Who are the other key players in this?
Goodell, of course. This is his biggest test as NFL commissioner, and how he gets the league through this crisis will determine his legacy.
There are several influential owners involved, including Giants CEO John Mara, regarded as a level-headed executive who was invited to the mediation sessions this week in Washington. There's also Jerry Richardson of Carolina Panthers, who is in favor of getting a favorable deal no matter what the cost. He reportedly mocked quarterbacks Drew Brees and Peyton Manning in a negotiation session.
What does decertification mean?
It means the union would no longer exist. Players would give up their collective bargaining rights, but then could file individual anti-trust suits against the league and the owners.
The bottom line: Decertification means the NFL will spend more time in courtrooms this off-season than on practice fields, since the league likely will counter with a lawsuit arguing that the move is a "sham" decertification.
What happens if there's a lockout, football-wise?
Not much. Players will be barred from any team-related activities. Free agents will remain unsigned. Even the draft will be different -- teams will be allowed to talk to their picks up until the point they were selected, but then not until a deal is struck.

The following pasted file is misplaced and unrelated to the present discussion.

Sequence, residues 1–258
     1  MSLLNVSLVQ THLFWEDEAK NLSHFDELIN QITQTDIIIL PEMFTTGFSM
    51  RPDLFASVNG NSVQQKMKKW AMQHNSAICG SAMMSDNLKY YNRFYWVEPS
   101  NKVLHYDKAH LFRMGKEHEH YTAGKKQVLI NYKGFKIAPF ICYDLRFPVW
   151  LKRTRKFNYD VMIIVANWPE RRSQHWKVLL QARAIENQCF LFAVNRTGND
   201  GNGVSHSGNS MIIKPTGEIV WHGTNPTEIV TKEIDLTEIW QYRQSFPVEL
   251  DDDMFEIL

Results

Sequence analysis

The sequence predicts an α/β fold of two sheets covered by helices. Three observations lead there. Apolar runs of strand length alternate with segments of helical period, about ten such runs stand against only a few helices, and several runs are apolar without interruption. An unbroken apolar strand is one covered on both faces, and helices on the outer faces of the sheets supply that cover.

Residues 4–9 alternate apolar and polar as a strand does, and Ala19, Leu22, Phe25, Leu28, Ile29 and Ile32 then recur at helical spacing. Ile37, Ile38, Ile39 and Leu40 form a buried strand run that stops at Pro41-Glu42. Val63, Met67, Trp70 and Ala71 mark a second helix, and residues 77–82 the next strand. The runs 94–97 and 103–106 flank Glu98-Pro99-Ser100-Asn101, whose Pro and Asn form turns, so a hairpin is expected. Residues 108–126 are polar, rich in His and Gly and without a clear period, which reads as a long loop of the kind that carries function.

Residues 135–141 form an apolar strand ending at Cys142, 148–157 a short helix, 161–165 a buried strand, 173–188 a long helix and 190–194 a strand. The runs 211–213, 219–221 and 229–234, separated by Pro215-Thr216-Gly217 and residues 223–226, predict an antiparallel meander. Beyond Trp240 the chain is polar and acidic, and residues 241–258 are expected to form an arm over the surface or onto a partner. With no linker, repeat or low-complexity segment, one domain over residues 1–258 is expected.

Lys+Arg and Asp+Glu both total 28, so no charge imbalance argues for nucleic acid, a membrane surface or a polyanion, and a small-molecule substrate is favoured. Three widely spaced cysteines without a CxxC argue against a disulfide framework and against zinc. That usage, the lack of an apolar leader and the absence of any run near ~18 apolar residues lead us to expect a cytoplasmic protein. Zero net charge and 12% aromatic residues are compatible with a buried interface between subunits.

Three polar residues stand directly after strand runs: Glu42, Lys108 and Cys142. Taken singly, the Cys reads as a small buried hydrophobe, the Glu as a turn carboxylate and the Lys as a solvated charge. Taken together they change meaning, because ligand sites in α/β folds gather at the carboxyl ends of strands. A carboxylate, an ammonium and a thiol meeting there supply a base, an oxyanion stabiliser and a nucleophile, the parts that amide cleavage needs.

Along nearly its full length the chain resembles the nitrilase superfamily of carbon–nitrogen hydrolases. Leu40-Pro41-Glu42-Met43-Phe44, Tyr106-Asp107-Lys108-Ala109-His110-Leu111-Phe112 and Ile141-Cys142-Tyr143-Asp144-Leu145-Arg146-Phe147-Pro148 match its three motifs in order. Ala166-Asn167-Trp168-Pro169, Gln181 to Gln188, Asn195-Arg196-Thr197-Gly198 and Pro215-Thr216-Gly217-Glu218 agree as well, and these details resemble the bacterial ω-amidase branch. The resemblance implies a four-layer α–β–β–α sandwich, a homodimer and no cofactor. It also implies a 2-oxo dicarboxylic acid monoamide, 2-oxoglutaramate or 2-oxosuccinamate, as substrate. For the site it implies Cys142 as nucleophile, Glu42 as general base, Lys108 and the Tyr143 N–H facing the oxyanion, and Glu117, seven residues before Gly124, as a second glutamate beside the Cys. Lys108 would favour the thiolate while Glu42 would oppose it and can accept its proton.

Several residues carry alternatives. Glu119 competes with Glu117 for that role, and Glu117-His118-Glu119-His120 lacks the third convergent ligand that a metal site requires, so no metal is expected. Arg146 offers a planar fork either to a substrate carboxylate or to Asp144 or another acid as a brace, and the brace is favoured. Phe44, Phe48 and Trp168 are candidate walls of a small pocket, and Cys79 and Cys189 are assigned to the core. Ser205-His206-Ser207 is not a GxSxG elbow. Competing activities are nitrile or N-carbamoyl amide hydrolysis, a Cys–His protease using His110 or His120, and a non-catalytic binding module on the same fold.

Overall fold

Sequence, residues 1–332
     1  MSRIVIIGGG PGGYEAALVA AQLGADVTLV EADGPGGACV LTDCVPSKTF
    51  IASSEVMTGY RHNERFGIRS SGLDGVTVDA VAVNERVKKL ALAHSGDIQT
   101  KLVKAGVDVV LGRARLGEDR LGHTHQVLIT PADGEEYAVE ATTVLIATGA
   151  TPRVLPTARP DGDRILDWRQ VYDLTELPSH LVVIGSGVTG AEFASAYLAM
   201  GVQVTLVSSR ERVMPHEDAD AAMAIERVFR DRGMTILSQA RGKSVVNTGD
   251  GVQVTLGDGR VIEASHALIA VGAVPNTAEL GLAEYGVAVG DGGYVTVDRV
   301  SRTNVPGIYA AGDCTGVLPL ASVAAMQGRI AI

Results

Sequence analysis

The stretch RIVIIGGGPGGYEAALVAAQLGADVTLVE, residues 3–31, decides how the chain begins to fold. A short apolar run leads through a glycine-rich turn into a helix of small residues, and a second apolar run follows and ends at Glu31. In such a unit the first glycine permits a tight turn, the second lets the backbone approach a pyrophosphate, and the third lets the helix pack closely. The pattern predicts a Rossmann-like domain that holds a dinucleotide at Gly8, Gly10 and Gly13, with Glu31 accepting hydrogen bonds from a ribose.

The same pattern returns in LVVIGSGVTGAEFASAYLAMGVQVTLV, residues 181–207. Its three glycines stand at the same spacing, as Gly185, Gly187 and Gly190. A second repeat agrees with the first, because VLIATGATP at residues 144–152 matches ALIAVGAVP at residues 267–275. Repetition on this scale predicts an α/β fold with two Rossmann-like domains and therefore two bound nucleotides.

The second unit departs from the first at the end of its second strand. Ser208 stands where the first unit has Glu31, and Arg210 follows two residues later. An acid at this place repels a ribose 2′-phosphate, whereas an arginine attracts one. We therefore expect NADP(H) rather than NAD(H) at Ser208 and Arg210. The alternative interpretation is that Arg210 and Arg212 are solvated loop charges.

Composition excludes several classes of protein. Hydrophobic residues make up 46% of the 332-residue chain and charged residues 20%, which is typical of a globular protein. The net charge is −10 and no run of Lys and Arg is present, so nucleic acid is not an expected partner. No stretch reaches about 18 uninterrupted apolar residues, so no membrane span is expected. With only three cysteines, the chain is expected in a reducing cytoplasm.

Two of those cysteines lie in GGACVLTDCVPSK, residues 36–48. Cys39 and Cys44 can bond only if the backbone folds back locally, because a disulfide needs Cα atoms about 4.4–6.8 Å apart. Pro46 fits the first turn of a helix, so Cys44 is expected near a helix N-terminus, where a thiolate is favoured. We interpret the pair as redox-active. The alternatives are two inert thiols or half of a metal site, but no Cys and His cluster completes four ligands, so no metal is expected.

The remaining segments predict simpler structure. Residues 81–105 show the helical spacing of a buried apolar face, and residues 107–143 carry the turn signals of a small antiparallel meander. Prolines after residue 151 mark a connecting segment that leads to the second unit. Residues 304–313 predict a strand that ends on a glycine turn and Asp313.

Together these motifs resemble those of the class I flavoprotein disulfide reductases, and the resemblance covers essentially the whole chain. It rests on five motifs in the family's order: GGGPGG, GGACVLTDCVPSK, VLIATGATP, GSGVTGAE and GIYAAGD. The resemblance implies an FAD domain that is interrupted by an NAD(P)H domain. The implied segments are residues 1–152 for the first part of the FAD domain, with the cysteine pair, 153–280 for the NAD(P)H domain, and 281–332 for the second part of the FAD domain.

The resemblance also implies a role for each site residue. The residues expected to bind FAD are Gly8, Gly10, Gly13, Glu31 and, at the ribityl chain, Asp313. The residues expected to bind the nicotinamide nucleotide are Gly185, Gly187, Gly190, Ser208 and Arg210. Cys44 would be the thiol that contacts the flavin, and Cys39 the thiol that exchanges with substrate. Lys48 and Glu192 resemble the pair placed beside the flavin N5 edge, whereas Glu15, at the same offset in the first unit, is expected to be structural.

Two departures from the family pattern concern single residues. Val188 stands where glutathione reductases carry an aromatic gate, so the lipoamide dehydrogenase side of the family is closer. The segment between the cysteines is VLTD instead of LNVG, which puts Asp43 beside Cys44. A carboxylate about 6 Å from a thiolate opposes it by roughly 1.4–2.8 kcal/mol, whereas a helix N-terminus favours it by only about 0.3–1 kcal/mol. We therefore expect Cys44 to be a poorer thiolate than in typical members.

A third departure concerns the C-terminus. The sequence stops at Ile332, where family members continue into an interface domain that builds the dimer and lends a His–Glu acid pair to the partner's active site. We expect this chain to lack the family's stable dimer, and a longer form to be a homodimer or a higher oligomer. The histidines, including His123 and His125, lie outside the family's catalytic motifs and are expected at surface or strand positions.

Teams might even approach the draft differently, picking based on needs rather than the best players available, because who knows when they'll be able to address those needs on the free-agent market.
So if a lockout drags out for an extended time, which side is better suited to win this thing?
If history is any indication, the owners. The NFLPA is widely regarded as the weakest union in pro sports, and the rank-and-file players know they only have a very small window -- remember, the average career lasts 4.4 years -- to earn their pay.
Players could feel the pinch once their salaries, which are paid over 17 game checks from September to January, are cut.
Marvin Miller, the renowned baseball union chief, put it this way: "What you have here are players who don't understand solidarity, and no work has been done to really educate them. That can only be achieved over time with an amazing amount of repetition, and you don't have that time."
Who would a lockout really hurt?
The little guy, of course. The New York Jets, for example, have announced that they will require all business-side employees to take a one-week unpaid leave each month during any lockout, and most of these people aren't Lexus-driving executives.
They are receptionists, ticket salespeople and the like. And, should the lockout lead to canceled games, thousands of more stadium workers are at the risk of losing jobs.
Plus, any prolonged absence of the sport will cause fan anger and apathy. It took baseball years to recover from the cancellation of the cancellation of the 1994 World Series.
"They have the nerve to shutdown the league," said Scott Weiss, part of an advocacy group called the sports fan coalition, "with no thought that one day fans will say, 'enough is enough.' "